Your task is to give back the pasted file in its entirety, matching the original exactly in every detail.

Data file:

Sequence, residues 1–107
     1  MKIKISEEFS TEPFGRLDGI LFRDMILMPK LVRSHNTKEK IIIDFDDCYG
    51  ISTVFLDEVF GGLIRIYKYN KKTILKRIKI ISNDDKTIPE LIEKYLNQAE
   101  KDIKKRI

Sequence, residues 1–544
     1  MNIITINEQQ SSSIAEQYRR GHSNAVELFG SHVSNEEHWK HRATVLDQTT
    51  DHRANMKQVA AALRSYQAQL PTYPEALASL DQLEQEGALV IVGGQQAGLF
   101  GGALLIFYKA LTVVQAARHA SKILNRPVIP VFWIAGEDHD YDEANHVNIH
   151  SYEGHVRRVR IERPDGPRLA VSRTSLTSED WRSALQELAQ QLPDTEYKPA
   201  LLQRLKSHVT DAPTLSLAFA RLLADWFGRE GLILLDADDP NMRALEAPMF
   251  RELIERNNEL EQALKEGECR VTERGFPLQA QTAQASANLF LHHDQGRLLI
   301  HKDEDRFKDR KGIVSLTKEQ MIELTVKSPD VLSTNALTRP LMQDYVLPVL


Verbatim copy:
Sequence, residues 1–107
     1  MKIKISEEFS TEPFGRLDGI LFRDMILMPK LVRSHNTKEK IIIDFDDCYG
    51  ISTVFLDEVF GGLIRIYKYN KKTILKRIKI ISNDDKTIPE LIEKYLNQAE
   101  KDIKKRI

Sequence, residues 1–544
     1  MNIITINEQQ SSSIAEQYRR GHSNAVELFG SHVSNEEHWK HRATVLDQTT
    51  DHRANMKQVA AALRSYQAQL PTYPEALASL DQLEQEGALV IVGGQQAGLF
   101  GGALLIFYKA LTVVQAARHA SKILNRPVIP VFWIAGEDHD YDEANHVNIH
   151  SYEGHVRRVR IERPDGPRLA VSRTSLTSED WRSALQELAQ QLPDTEYKPA
   201  LLQRLKSHVT DAPTLSLAFA RLLADWFGRE GLILLDADDP NMRALEAPMF
   251  RELIERNNEL EQALKEGECR VTERGFPLQA QTAQASANLF LHHDQGRLLI
   301  HKDEDRFKDR KGIVSLTKEQ MIELTVKSPD VLSTNALTRP LMQDYVLPVL